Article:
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A government-sponsored job-interview session began Monday in Tokyo, bringing job-seeking university seniors and graduates together with companies looking to hire.

Dressed in blue and gray suits typical of job interviewees, some 100 employment-seekers lined up in front of the Tokyo International Forum in the Marunouchi district before the opening of the session at 9:30 a.m.

“I’ve heard the situation is a little bit better than last year, but it seems like the job market is still tight this year,” said Noriyuki Kojima, 23, who traveled from his home in Joetsu, Niigata Prefecture, to attend the event.

Kojima, who has been unable to find a job since graduating from a private Tokyo university last spring, could not hide his anxiety, saying, “I wonder how I will find a job and make a living.”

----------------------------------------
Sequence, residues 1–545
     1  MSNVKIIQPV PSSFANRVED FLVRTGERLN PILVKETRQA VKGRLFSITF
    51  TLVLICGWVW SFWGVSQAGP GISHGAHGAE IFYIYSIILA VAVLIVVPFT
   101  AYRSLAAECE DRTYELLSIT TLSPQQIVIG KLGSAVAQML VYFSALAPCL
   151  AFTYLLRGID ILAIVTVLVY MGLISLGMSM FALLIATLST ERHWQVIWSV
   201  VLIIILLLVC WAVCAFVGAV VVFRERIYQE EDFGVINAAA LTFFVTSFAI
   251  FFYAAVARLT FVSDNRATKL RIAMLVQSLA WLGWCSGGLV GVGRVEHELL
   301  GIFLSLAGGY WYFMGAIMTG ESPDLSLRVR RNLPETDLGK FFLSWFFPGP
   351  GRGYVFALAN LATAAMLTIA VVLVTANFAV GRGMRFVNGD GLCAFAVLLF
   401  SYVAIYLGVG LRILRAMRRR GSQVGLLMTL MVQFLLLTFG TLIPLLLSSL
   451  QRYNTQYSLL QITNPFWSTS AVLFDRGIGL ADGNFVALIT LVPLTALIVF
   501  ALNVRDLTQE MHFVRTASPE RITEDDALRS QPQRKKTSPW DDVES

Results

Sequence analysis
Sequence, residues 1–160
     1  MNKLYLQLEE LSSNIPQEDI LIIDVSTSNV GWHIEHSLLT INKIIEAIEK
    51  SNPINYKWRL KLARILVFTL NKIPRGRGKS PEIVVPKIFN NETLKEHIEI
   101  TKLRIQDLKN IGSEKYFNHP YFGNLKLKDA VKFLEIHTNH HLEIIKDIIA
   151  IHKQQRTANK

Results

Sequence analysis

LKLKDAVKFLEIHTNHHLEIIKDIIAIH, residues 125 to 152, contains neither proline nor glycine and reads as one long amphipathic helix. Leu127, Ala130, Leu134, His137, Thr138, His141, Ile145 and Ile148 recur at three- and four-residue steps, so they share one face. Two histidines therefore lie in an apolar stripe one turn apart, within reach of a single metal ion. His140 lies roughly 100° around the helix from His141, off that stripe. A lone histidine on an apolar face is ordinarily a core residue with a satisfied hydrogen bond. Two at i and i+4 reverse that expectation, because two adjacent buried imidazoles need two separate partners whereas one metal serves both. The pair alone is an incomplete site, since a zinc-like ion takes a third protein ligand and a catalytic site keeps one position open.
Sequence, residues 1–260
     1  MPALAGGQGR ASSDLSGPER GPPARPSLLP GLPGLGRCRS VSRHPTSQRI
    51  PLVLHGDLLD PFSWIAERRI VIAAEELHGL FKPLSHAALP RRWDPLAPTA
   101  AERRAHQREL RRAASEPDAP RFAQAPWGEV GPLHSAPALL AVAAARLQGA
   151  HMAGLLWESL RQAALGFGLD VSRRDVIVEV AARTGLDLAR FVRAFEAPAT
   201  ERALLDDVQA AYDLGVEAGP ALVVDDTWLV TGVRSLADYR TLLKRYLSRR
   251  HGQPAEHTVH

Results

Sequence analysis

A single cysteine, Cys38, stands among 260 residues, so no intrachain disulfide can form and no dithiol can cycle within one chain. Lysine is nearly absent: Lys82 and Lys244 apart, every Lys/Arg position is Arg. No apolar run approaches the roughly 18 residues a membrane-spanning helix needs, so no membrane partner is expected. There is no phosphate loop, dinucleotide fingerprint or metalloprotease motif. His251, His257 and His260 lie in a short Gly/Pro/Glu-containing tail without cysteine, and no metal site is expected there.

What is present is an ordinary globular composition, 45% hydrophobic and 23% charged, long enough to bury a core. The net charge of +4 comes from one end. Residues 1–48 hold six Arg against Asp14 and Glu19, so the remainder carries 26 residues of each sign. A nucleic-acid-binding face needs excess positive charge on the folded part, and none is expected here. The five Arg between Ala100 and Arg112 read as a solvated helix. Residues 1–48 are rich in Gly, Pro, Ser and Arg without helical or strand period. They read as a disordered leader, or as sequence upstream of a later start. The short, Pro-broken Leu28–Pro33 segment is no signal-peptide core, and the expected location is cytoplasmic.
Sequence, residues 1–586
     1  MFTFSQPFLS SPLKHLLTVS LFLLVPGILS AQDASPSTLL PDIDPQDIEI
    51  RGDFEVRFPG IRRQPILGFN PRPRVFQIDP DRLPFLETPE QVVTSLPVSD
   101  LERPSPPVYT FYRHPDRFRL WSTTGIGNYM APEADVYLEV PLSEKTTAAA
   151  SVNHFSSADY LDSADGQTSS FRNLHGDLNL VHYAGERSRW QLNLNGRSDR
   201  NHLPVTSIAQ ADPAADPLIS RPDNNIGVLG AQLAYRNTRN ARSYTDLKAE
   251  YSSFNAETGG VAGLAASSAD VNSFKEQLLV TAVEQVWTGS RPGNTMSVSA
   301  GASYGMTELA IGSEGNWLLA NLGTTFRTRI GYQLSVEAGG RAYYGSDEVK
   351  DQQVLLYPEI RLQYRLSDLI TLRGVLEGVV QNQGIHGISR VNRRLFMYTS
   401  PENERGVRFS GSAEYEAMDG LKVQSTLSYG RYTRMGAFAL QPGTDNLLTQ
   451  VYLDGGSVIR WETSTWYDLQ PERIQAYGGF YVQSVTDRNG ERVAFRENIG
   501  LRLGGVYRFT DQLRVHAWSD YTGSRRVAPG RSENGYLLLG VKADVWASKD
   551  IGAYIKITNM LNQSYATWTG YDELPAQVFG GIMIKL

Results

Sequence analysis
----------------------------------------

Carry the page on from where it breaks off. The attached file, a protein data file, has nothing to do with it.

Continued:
Another of the session’s participants, a 22-year-old female student at a private university in Tokyo, said: “I started job-hunting quite early. But I’ve had no positive response yet, although some of my male friends have secured jobs.

“They say the economy is getting better, but I do not feel that way.”

Some 700 companies from Tokyo, Chiba, Saitama and Kanagawa prefectures are participating in the two-day session.

Although the number of participating firms increased from last year, the number of job offers dropped 25 percent to some 11,500.

The Labor Ministry said it expects 10,000 job-seekers, up 2,000 from the previous year, to attend this year’s session.